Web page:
Making candy, making memories
Local church’s annual tradition raises funds, holiday spirits
Jeremy Sherrill wasn’t really mad. But when it was time to slam that cookie sheet of hot peanut brittle down on the floor, Sherrill was ready with full force.
But that’s as much a part of the fine art of making that staple of the holiday candy jars as is the measuring, stirring and pouring of that sweet nectar.
It’s a holiday tradition at Greater Faith Apostolic, the church that Sherrill pastors, for the candy cooks and their helpers to make sheet after sheet of peanut brittle days at a time. Workers start shifts at 9 in the morning and will work way past dark.
The recipe sounds simple enough — some corn syrup, sugar, water, and of course, peanuts, stirred and stirred until it gets so thick the spoon can stand up in the sauce pan. Then the cooks pull it off the heat and do a couple of Emeril-like bam bams, of butter and baking soda. Watching closely as the soda makes the syrup rise up to the pan, they pour it quickly onto the cookie sheets.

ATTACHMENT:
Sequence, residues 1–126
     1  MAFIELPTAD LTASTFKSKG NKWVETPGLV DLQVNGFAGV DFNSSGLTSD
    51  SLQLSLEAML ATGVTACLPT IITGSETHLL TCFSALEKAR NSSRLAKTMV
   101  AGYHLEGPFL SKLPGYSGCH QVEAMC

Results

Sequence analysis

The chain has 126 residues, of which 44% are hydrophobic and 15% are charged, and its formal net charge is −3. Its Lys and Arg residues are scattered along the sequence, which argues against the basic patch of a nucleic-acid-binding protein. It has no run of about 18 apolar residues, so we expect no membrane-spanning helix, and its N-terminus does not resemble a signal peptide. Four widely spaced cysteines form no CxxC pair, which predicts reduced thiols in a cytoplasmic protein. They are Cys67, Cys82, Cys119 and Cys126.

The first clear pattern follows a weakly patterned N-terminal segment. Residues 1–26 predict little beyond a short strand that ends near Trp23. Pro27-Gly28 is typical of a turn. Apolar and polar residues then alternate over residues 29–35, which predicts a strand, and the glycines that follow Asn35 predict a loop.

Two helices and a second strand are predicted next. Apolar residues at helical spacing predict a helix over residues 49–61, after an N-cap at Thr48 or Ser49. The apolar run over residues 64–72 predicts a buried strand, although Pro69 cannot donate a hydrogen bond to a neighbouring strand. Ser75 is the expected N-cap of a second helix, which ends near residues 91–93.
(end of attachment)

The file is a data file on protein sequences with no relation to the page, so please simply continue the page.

And then they let Sherrill take over as he shakes and slams the brittle. That’s to make sure all the air bubbles get out of the syrup. It’s a simple recipe, but one that when done in just the right way creates a crunchy ambrosia.
Starting the week before Thanksgiving members of the church donate their time to make the peanut brittle that they sell as an important fundraiser.
With a membership that has doubled over the past two years, the church needs to find more space. Its goal is to build a Family Life Center on a nearby lot and then take its present building for a larger sanctuary.
“We have to do something to expand,” said Sherrill who calls the expansion plan one that the church is leaving in God’s hands. “If we do our part. We are putting our works with our faith.”
But more than adding on to a structure, the days of candy-making add to the members’ memories and strengthen their sense of fellowship.
“It builds unity in the church and that is one of the most important things to get,” Sherrill said. “This work is a sermon in action. It builds teamwork. We have good hard-working people.”